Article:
As a matter of caution, one should guard against excessive use of jargon and to express concepts succinctly.

While almost anyone can prepare and hope to succeed in the humanities optionals, science and engineering optionals are not recommended for those who do not have a background in the subject. D.P. Vajpayee of the Delhi Institute for Administrative Services, feels that Physics is an ideal choice for students with a science or engineering background. This is because it has a well-defined and well-structured syllabus, and has the shortest syllabus in the science and engineering stream. Besides, there is no shortage of study material. According to Vajpayee, the entire syllabus can be covered in 200 hours of concentrated study.

Like all other optionals, physics too is divided into two papers of two sections each. Each section has four questions out of which the first question is compulsory. Section A of Paper I comprises Classical Mechanics, Special Relativity, Waves and Geometric Optics and Physical Optics. Classical Mechanics has three well-defined topics - particle dynamics, system of particles and rigid body dynamics. Special theory of relativity is centred around sections such as Lorentz transforms, length contraction, time dilation, velocity addition and mass-energy equivalence. Newer additions such as Minkowsky diagrams or covariance are not so important. In the section on waves, damped and forced oscillations, and phase and group velocities should be given due importance. In geometric optics, Fermat's principle and the matrix method should be studied extensively.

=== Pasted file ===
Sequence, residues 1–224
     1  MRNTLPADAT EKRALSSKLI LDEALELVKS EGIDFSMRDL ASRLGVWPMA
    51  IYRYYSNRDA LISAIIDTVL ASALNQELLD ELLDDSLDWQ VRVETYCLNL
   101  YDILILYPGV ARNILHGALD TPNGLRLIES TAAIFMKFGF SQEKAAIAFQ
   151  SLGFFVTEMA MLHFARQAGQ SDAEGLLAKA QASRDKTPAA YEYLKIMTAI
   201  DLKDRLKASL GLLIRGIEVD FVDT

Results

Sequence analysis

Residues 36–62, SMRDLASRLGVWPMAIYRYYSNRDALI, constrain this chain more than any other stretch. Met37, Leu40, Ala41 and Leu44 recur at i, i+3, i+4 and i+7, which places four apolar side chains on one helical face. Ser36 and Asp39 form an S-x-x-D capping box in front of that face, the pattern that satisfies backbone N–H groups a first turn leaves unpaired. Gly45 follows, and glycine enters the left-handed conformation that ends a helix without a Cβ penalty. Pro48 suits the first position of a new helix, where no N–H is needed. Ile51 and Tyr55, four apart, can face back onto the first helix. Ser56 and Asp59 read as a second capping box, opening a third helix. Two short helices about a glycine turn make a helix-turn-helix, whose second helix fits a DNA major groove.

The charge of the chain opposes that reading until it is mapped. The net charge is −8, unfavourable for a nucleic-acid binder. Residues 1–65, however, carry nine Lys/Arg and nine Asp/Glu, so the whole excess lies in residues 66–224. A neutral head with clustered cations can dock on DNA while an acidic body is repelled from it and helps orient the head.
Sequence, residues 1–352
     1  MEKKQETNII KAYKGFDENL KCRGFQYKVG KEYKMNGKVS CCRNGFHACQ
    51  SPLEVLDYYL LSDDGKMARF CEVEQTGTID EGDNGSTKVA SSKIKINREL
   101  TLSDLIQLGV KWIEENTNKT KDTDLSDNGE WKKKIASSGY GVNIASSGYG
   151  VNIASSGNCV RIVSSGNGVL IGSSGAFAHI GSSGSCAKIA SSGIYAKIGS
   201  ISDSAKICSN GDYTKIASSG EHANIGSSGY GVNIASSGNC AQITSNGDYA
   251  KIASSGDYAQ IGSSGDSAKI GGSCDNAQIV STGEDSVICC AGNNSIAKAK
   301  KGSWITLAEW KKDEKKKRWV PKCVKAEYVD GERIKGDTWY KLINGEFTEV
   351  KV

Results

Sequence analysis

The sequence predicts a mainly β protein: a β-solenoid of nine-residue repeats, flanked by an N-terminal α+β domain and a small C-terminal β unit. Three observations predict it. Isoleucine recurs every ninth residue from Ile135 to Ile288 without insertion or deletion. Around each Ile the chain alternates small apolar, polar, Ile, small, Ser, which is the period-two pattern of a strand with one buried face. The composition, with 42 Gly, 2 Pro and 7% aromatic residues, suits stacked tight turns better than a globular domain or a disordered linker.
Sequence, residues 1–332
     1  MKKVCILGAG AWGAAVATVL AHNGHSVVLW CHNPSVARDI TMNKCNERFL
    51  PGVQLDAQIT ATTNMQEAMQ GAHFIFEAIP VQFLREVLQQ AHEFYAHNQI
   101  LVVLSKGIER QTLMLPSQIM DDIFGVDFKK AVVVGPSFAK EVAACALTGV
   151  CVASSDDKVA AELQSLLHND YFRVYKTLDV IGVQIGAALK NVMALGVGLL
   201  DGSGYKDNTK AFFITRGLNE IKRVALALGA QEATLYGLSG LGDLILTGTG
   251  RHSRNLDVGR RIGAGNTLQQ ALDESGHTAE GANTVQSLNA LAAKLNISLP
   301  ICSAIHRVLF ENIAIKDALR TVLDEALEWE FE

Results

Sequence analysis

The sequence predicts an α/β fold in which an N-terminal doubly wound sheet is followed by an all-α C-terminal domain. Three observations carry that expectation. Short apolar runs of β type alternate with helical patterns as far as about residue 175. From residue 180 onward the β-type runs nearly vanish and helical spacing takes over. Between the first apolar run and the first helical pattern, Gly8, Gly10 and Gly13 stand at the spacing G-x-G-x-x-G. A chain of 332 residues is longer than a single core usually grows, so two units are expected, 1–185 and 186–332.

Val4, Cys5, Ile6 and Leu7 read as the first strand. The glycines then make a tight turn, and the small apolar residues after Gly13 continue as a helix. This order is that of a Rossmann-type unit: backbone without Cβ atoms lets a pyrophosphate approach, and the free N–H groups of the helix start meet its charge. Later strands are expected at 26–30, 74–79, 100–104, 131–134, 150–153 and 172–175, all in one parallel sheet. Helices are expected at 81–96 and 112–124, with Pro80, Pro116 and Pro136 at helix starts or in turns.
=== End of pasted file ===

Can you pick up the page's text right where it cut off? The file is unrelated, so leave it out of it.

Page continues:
Section B of Paper I comprises electricity and magnetism, electromagnetic theory and blackbody radiation and thermal and statistical physics. The sections on electromagnetism and electricity are reasonably straightforward.

The second Physics paper can be covered in 80 to 90 hours. Section A consists of quantum mechanics and spectroscopy, while Section B comprises nuclear and particle physics and electronics and solid-state physics. While all sections should be covered thoroughly, it is a good idea to go through backdated question papers. This helps create perspective and gives an idea of the current trends. Answers should be crisp and effective, and units and formula used should be correctly explained.

The one thing that all teachers of all optionals seem to agree on is that the choice of optionals should be clearly thought out and that answers should be clear and concise. However, the most important advice that most teachers give is: "Stay calm, don't panic."